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Paul Kramer: A Useful Corner of the World: Guantánamo

Paul Kramer is an associate professor of history at Vanderbilt University and the author of “The Blood of Government: Race, Empire, the United States and the Philippines” (University of North Carolina Press, 2006). He also wrote the article “The Water Cure,” which ran in the February 28, 2008, issue of the magazine.

It was 1935, and the Guantánamo naval base had to go. So declared an American commission stocked with foreign-policy experts: the United States was pursuing less antagonistic relations with its southern neighbors, and an American base on Cuban soil, anchored by a lease without an end date, looked increasingly like an “anomaly.” Weren’t there enough defensible harbors on the United States’ own Gulf Coast, or on Puerto Rico? The commission wrote that the U.S. government should “seriously consider whether the retention of Guantánamo will not cost more in political misunderstanding than it is worth in military strategy.”

Where was the base? This was a trickier question than might first appear. It straddled both sides of lower Guantánamo Bay, roughly five hundred miles east and south of Havana, about as far from the capital as one could travel and remain in Cuba. The bay opened onto the Windward Passage, one of the hemisphere’s most trafficked sea-lanes, linking the Eastern Seaboard to the Gulf of Mexico, Central and South America, and, through the Panama Canal, the Pacific Ocean. In 1899, an American military planner, stressing the need for naval bases and coaling stations in Cuba, had called the island “an outer bar of the Mississippi.”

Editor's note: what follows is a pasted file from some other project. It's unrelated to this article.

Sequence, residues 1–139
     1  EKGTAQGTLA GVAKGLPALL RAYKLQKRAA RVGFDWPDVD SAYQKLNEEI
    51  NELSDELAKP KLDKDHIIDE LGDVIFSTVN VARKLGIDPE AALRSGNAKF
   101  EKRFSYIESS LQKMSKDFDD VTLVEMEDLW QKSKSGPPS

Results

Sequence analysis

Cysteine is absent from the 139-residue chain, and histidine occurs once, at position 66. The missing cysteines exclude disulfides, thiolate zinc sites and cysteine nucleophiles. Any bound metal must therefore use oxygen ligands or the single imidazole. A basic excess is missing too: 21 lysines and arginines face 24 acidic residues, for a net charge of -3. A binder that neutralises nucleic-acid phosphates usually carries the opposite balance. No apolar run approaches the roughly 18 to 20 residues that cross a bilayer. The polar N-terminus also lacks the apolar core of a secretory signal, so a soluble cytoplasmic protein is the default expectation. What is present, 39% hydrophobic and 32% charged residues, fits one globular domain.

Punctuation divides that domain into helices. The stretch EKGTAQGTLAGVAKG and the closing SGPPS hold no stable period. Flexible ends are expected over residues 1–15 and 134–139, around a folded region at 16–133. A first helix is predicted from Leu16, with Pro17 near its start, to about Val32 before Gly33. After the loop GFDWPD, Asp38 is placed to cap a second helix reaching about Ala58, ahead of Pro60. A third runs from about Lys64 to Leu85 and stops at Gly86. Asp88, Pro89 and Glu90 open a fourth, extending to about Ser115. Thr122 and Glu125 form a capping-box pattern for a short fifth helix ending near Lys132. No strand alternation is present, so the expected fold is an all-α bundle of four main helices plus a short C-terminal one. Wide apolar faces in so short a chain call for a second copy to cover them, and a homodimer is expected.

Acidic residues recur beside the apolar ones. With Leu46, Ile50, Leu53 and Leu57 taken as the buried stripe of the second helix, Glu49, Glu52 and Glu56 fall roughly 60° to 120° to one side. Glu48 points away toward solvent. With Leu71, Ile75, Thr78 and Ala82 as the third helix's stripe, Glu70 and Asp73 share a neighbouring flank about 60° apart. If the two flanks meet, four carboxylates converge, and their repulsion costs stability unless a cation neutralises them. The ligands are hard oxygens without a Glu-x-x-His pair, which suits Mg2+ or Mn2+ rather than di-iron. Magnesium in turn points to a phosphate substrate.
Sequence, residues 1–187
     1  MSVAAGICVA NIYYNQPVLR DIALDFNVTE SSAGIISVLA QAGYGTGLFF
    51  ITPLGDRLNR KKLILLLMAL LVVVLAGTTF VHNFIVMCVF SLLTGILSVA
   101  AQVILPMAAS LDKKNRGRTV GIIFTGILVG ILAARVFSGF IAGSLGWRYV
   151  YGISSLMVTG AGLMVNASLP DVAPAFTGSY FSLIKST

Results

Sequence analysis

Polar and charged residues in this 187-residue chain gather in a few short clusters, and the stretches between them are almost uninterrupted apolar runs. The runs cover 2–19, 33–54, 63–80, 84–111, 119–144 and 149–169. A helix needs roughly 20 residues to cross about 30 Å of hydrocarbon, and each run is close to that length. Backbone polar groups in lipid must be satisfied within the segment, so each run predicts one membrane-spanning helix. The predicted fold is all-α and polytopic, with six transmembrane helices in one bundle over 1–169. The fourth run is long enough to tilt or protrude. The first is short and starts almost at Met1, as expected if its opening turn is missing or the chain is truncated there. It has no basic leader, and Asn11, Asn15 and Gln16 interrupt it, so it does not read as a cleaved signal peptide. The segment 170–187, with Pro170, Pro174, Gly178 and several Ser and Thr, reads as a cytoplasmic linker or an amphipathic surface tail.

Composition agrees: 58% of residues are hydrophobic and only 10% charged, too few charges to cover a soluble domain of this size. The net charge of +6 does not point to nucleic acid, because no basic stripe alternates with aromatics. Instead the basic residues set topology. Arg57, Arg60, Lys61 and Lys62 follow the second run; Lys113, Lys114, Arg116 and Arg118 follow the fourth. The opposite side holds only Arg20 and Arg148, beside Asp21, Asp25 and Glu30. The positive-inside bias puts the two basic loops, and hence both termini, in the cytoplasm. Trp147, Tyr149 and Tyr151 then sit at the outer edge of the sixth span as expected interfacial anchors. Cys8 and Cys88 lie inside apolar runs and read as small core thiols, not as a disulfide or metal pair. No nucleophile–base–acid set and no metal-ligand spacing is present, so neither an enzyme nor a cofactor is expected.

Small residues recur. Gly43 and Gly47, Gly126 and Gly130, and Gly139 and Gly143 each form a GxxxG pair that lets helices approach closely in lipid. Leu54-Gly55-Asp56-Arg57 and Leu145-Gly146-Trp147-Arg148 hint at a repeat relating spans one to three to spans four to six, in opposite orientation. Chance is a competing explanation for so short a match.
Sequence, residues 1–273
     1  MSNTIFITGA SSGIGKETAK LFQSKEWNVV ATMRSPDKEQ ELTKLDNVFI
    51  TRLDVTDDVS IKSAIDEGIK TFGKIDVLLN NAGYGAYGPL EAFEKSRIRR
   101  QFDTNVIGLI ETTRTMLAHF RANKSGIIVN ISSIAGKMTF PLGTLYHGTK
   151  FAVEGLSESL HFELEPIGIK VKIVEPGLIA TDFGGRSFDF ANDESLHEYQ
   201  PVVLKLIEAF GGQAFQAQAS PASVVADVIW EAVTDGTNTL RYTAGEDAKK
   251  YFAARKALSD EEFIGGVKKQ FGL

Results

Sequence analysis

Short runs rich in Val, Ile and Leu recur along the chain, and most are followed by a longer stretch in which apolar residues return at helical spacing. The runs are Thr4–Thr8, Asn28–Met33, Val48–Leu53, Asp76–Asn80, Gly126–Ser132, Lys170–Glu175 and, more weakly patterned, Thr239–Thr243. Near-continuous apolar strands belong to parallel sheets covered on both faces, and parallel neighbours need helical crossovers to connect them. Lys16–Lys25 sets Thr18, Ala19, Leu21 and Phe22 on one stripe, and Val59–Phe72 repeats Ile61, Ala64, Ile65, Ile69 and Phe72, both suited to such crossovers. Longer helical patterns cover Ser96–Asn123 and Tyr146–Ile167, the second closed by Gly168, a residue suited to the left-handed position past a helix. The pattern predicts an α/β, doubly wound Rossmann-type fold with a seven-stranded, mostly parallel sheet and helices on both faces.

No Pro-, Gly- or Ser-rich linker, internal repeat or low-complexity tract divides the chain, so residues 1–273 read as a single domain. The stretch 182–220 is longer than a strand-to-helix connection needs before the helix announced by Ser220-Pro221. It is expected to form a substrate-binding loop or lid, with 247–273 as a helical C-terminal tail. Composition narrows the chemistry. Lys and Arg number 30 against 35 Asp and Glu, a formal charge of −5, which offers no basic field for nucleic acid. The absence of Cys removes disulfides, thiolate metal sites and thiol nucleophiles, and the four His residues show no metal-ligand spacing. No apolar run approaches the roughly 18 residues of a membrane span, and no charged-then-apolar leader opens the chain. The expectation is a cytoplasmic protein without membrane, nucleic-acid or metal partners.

The terrain that rose above the bay—dry, sun-blasted hills, where cactus and scrub clung to outcroppings of barren rock—was hostile enough that Cuba’s Spanish rulers had taken their time colonizing the region. For centuries, Guantánamo had effectively been no state’s domain, a haven for pirates and slaves escaping both Cuba and Haiti, only a hundred miles across the Windward Passage at its nearest point. For them, Guantánamo had meant something like freedom....

Read entire article at The New Yorker